Genetic counselling and personalised risk assessment in the Australian pancreatic cancer screening program
Background: Pancreatic cancer (PC) is an aggressive disease with a dismal 5-year survival rate. Surveillance of high-risk individuals is hoped to improve survival outcomes by detection of precursor lesions or early-stage malignancy. Methods: Since 2011, a national high-risk cohort recruited through St Vincent's Hospital, Sydney, has undergone prospective PC screening incorporating annual endoscopic ultrasound, formal genetic counselling and mutation analysis as appropriate. PancPRO, a Bayesian PC risk assessment model, was used to estimate 5-year and lifetime PC risks for familial pancreatic cancer (FPC) participants and this was compared to their perceived chance of pancreatic and other cancers. Genetic counselling guidelines were developed to improve consistency. Follow-up questionnaires were used to assess the role of genetic counselling and testing. Results: We describe the Australian PC screening program design and recruitment strategy and the results of the first 102 individuals who have completed at least one-year of follow-up. Seventy-nine participants met the FPC criteria (>/= two first-degree relatives affected), 22 individuals had both a BRCA2 pathogenic variant and a close relative with PC and one had a clinical diagnosis of Peutz-Jeghers syndrome. Participants reported a high perceived chance of developing PC regardless of their genetic testing status. PancPRO reported FPC participants' mean 5-year and lifetime PC risks as 1.81% (range 0.2-3.2%) and 10.17% (range 2.4-14.4%), respectively. Participants' perceived PC chance did not correlate with their PancPRO 5-year (r = - 0.17, p = 0.128) and lifetime PC risks (r = 0.19, p = 0.091). Two-thirds felt that current genetic testing would help them, and 91% of tested participants were glad to have undergone genetic testing. Overall, 79% of participants found genetic counselling to be helpful, and 88% reported they would recommend counselling to their relatives. Conclusions: Participants reported multiple benefits of genetic counselling and testing but continue to seek greater clarification about their individual PC risk. Extension of PancPRO is required to enable personalised PC risk assessment for all high-risk sub-groups. More detailed discussion of PC risk for BRCA2 pathogenic variant carriers, providing a written summary in all cases and a plan for genetics review were identified as areas for improvement.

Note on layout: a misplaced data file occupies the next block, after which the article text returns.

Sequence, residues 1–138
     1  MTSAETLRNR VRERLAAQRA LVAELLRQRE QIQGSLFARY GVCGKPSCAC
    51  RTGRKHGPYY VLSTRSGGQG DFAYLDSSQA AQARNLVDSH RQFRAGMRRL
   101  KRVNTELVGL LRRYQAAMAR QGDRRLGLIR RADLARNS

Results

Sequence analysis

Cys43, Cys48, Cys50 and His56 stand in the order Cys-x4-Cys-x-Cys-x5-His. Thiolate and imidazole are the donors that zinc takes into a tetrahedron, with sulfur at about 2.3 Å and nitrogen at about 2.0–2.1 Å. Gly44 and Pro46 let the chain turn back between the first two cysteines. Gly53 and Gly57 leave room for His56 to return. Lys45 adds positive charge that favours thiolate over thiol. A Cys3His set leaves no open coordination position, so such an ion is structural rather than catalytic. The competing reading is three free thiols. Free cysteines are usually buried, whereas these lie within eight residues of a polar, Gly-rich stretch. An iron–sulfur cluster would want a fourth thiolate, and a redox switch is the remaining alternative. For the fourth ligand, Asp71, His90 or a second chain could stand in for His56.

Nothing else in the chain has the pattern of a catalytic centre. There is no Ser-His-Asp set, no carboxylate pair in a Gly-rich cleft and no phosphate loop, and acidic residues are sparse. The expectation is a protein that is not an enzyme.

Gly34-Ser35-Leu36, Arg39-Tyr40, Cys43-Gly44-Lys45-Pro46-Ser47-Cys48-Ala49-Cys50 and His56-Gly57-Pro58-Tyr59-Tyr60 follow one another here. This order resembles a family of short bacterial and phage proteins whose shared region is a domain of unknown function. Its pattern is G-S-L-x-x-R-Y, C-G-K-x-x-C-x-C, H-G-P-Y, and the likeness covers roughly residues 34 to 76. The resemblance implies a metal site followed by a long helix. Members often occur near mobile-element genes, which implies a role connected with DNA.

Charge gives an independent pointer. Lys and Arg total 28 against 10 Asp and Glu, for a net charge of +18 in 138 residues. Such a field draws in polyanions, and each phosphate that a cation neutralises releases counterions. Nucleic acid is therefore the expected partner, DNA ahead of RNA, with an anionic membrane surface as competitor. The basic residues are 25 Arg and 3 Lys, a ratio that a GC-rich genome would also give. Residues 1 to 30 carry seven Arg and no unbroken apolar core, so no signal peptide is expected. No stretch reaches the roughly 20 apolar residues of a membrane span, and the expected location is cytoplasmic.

|ISBN||1731-2302 (Print) 1731-2302|
|Authors||Dwarte, T.; McKay, S.; Johns, A.; Tucker, K.; Spigelman, A. D.; Williams, D.; Stoita, A.|
|Responsible Garvan Author|
|Publisher Name||Hereditary Cancer in Clinical Practice|
|URL link to publisher's version||https://www.ncbi.nlm.nih.gov/pubmed/31666883|